What options exist for getting duplicate automobile remotes?

Car is just bought by a kid just learning to drive (he's 16). 2004 Mitsubishi Lancer ES
Neighbors asked me what their options are for getting duplicate fobs.
http://www.bild.me/bild.php?filer87633keyfob.jpg
It came with only one key and one "remote" (see photo above). (I made a half-dozen keys for the kid so the question is about the remote.)
Anyone know what options there are for getting duplicate remotes?
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On 8/1/2018 11:41 PM, Arlen Holder wrote:

You can buy fobs off eBay but you usually have to have it programmed by a dealer.
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On 1 Aug 2018 20:52:48 GMT, Ed Pawlowski wrote:

Do you know which number on the back is the "definitive" number for the correct fob?
http://www.bild.me/bild.php?filer87633keyfob.jpg
- FCC? - Canada? - Japanese? - Omron?
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On 8/1/18 11:41 PM, Arlen Holder wrote:

Here is one: http://www.keylessride.com/
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On 1 Aug 2018 20:57:28 GMT, "Retired wrote:

That's VERY NICE and useful! Do we have TWO choices as shown here? <http://www.keylessride.com/order/chooseremote.asp?make=Mitsubishi&remoteyear 04&model=Lancer>
Certainly the original
http://www.bild.me/bild.php?filer87633keyfob.jpg
Looks like the second one here... http://www.keylessride.com/order/quote.asp?lbfix=yes&make=Mitsubishi&remoteyear 04&model=Lancer&fridG286EA4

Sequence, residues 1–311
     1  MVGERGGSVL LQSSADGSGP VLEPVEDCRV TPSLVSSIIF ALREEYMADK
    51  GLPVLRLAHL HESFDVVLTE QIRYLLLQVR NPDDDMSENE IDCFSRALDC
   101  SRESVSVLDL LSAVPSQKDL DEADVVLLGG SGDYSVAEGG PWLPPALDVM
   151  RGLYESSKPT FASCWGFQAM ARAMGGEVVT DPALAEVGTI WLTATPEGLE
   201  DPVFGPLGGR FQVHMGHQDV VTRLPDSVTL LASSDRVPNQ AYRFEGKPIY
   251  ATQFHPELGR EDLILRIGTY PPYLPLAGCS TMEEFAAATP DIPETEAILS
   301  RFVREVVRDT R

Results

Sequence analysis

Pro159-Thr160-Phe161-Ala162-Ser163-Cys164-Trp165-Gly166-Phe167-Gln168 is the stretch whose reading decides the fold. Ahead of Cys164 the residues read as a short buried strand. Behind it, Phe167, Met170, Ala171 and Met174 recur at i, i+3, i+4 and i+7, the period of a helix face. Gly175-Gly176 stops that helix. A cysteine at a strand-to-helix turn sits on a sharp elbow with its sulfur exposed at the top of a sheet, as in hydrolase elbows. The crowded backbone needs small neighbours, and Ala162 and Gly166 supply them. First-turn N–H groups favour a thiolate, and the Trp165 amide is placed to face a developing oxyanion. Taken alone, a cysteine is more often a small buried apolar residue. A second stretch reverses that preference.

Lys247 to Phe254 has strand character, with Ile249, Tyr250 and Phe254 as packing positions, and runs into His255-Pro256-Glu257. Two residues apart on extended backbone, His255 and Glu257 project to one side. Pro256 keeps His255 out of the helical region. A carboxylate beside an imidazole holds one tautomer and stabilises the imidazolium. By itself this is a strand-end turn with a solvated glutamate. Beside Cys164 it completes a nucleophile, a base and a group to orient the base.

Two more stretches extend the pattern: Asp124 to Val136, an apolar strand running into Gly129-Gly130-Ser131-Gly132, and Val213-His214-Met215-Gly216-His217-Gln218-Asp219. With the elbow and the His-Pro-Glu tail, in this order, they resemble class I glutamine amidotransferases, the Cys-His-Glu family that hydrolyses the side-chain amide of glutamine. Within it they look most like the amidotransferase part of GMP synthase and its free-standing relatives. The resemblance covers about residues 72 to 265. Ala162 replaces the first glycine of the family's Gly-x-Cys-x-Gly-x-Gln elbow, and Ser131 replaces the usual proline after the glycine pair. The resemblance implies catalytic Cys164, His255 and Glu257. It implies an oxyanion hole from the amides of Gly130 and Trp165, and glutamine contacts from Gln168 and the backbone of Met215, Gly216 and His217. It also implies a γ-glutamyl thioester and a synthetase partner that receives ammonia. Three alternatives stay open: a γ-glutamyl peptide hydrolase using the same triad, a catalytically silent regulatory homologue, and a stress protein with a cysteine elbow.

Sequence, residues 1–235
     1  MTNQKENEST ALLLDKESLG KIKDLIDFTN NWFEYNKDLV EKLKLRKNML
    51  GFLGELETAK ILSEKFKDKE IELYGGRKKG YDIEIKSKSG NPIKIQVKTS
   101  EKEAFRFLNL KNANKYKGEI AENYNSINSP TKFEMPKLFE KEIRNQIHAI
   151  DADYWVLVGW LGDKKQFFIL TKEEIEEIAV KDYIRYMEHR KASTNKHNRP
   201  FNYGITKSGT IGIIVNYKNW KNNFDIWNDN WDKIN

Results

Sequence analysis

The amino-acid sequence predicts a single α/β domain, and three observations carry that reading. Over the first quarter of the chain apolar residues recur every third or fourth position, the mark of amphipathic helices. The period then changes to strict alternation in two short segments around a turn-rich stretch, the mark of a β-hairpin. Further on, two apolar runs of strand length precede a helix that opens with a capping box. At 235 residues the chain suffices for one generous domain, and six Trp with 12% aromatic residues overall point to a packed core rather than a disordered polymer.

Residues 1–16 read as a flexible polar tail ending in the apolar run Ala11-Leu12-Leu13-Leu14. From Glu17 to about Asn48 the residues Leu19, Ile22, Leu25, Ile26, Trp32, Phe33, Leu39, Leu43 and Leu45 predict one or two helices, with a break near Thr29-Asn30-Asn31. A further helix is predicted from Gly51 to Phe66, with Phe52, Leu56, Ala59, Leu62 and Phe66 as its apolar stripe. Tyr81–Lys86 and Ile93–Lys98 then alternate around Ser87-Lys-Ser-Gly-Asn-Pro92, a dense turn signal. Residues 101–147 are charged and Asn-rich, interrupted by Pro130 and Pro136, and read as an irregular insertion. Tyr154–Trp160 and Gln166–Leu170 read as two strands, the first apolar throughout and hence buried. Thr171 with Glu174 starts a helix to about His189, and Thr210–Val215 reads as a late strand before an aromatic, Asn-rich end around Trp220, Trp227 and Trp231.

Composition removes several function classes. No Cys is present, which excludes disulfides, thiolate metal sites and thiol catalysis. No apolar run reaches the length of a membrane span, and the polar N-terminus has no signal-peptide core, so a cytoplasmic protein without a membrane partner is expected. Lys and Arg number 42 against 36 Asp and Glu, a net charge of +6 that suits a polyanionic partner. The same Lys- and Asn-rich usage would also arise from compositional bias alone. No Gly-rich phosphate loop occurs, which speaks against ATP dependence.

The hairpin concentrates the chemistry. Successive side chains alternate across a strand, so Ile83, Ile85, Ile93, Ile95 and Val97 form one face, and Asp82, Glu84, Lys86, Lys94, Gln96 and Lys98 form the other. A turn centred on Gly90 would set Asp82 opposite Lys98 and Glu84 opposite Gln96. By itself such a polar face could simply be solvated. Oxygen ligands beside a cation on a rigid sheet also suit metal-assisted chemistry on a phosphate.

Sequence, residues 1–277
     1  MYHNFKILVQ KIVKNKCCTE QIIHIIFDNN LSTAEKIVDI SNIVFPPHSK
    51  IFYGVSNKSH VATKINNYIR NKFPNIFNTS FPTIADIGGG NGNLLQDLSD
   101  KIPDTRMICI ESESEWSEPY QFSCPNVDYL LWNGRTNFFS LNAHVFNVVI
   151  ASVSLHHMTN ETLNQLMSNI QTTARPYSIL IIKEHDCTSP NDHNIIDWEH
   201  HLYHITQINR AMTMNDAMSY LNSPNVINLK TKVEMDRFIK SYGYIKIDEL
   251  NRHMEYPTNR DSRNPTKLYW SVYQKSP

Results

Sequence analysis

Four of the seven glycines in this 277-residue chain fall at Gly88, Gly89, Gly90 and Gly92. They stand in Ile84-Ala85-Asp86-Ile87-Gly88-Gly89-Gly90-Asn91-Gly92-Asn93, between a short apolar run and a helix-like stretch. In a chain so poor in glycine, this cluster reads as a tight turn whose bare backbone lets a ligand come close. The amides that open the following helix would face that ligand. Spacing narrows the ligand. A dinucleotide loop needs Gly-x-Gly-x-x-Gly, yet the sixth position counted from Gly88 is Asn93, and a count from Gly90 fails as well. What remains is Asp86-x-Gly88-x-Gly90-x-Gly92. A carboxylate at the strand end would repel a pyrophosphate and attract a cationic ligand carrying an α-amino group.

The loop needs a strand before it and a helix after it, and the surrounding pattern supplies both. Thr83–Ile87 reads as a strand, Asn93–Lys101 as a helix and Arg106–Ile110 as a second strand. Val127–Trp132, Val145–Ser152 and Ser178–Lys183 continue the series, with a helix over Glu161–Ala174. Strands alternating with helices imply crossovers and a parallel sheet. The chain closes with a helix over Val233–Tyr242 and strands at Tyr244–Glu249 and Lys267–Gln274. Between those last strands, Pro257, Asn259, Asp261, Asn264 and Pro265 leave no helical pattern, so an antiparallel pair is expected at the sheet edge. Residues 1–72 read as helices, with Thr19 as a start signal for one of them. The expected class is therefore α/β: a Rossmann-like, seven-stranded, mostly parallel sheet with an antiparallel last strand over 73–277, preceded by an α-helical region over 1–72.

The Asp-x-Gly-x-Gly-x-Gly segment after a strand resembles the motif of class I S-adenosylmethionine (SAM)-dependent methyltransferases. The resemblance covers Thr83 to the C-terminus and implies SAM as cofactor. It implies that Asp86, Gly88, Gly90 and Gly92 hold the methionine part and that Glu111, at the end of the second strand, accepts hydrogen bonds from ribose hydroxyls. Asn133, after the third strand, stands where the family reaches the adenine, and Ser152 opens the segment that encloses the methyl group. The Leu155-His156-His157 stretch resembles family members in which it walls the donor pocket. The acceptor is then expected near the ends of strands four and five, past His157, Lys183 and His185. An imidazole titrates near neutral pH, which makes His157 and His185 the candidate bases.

$105 remote plus programming PROGRAMMING Price INCLUDES programming instructions and all required programming tools for training the vehicle to recognize the remote.
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On Thu, 2 Aug 2018 05:36:27 -0000 (UTC), Arlen Holder

IOf you have 2, you can add 3rd and 4th etc very easily. With only one I THINK it is a bit more difficult.
Try this:::
https://northcoastkeyless.com/2004-mitsubishi-lancer-keyless-entry-remote-fob-programming-instructions/
When you are done your neighbor will think you are a genius!!!!
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On 2 Aug 2018 14:23:21 GMT, Clare Snyder wrote:

Wow Clare ... you are the genius!
If those instructions are legit, it sure seems that we can buy a handful of remotes and just program them all together at the same time.
Here's my summary of that document: <2004 Mitsubishi Lancer Keyless Entry Remote Fob Programming Instructions> <https://northcoastkeyless.com/2004-mitsubishi-lancer-keyless-entry-remote-fob-programming-instructions/ "Many people don?t know that they can purchase their own replacement vehicle entry remote, save up to 70% off of marked up Dealership prices, and program the replacement remote to their vehicle themselves."
First, verify this is on the back of the remote: * FCC ID: OUCG8D-525M-A * Factory Part No.: MR587983
I just looked at the original pictures where the FCC ID matches perfectly, but that "Factory Part Number" doesn't exist on the current fob (maybe it's already an aftermarket fob?).
1. Insert key into the Ignition and leave it in the OFF position. 2. JUMP OBDII Ports 1 and 4 with a suitable jumper wire. 3. Within ten (10) seconds, PRESS the Hazard Light Switch six (6) times. 4. The door locks will cycle once indicating entry to Programming Mode.